To begin with, I love that this story stars Ivan actually being Ivan. I was really worried (especially given the title) that Ivan was going to have to step up and into Miles' shoes, presumably in order to rescue somebody. But instead, it is Ivan, thrust entirely unwilling into a situation he doesn't want to be in, bright enough to see all the implications, but not wanting to get involved unless he can possibly avoid it. Unless of course there's a pretty girl and a chance of getting laid.

The bit which made me incredibly happy, is the love story. I've been reading a lot of Georgette Heyer lately, and my favorite type of love story is the one where the couple gets married first and falls in love later. Ivan is the perfect candidate for this sort of story since he's been avoiding marriage so assiduously, but when he finds himself accidentally (and temporarily) married to Tej, he is totally happy - which shouldn't surprise anyone who has ever been happily married. A happy marriage is a very comfortable place, and Ivan likes being comfortable.

Then there's the bit of the story where Ivan has to step up and be the hero, because we all know that Ivan can and will be the hero when he is in a corner and has no choice in the matter. Simon is involved too, and he's mostly recovered from the loss of the memory chip, so getting to see his relationship with Lady Alys and with Ivan is a lot of fun. Also the Jewels...they're pretty cool. In fact Tej's whole family is pretty fascinating.

I laughed out loud at the end of the book when I read through the timeline plot summaries for each novel and hit the one sentence description for this one: "ImpSec. Headquarters suffers a problem with moles." It perfectly describes the part of the story which is going to impact the people of Barrayar, and yet manages to be entirely misleading. Awesome.

Jo Walton has a post up on Tor.com about this which was fun to read, but I'm glad I held off until after I had read the book. It was so much fun going into this story not having any idea what might happen. I'm definitely hoping for another Ivan book though.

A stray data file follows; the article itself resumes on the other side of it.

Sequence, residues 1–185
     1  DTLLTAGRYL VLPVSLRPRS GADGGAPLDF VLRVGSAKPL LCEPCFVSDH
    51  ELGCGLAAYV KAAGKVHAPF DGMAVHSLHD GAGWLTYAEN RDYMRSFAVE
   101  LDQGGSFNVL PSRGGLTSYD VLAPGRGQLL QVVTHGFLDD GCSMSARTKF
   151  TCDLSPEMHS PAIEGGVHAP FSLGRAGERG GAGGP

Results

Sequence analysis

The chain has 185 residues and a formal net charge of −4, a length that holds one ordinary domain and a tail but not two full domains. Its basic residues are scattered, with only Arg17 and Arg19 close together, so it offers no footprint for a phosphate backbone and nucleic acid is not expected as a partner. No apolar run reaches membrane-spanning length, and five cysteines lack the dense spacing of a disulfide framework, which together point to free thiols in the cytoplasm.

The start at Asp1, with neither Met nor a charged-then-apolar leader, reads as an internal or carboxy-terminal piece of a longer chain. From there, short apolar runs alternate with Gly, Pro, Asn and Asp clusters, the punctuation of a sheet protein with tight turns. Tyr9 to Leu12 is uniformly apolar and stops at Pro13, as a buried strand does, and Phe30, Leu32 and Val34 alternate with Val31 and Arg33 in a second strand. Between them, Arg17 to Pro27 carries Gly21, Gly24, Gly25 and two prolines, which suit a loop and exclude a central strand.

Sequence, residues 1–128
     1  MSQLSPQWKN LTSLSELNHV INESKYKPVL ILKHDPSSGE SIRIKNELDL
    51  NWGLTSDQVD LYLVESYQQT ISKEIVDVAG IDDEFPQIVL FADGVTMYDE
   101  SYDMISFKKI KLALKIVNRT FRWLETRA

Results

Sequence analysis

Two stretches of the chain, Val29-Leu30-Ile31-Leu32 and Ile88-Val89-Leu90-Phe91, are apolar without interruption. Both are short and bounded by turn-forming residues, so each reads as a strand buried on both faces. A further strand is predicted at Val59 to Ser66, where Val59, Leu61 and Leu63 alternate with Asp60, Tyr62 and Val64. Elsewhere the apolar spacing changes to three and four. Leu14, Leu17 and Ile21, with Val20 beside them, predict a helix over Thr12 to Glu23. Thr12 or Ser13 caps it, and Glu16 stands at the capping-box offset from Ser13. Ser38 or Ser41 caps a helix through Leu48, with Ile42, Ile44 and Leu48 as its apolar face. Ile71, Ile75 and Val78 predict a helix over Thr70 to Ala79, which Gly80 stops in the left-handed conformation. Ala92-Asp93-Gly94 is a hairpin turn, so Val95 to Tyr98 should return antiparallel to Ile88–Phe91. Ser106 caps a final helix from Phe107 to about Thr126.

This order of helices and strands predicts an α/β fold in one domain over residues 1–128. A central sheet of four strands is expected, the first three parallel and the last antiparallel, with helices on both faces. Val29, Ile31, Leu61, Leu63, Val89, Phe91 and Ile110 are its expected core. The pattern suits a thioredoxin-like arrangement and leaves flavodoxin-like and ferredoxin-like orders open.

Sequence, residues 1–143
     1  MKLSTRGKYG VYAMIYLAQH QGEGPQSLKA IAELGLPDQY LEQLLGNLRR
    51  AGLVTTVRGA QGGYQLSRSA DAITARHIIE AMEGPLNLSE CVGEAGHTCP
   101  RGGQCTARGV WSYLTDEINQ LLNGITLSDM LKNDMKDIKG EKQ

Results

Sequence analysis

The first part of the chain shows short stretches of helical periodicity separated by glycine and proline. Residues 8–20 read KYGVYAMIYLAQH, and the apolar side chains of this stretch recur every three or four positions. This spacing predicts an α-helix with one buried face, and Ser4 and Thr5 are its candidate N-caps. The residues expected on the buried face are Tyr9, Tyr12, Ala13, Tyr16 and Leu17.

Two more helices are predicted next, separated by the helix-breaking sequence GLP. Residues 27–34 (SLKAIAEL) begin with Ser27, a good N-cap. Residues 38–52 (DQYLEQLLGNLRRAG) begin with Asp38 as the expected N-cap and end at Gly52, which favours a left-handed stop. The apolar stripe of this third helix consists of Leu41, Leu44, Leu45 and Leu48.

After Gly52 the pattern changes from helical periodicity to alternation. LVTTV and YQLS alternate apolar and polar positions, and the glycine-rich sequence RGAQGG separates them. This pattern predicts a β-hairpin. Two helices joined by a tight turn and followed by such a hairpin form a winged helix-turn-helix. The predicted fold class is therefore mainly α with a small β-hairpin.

Monday, January 28, 2013

Dodger - Terry Pratchett

I was disappointed because I was expecting Discworld, and this isn't Discworld, it is the fictional story of Charles Dickens' inspiration for Oliver Twist, mainly for the character of the Artful Dodger. Also, it is a YA novel, so it's a bit shorter than you might expect, except that it is printed in a slightly larger font, on slightly thicker paper, so the book is about the same size as Snuff.

Once I readjusted my expectations, I quite enjoyed this. Dodger is a great character, and I did appreciate this being set in the real world rather than in Ankh-Morpork. The fantasy setting of the Discworld lets Pratchett point out a lot of things that are wrong with our society, but Dodger doesn't need the fantasy setting, because it has a historical setting, and I think the book is more powerful for having that historical setting. Especially in a novel targeted at young adults, it is great to have a book which references some of the cultural history - the story of Sweeney Todd, the origins of the London Peelers, the different layers of society, and some pretty significant research into the state of London's poor.

Overall a great book, and now I want to go read Oliver Twist with a fresh perspective.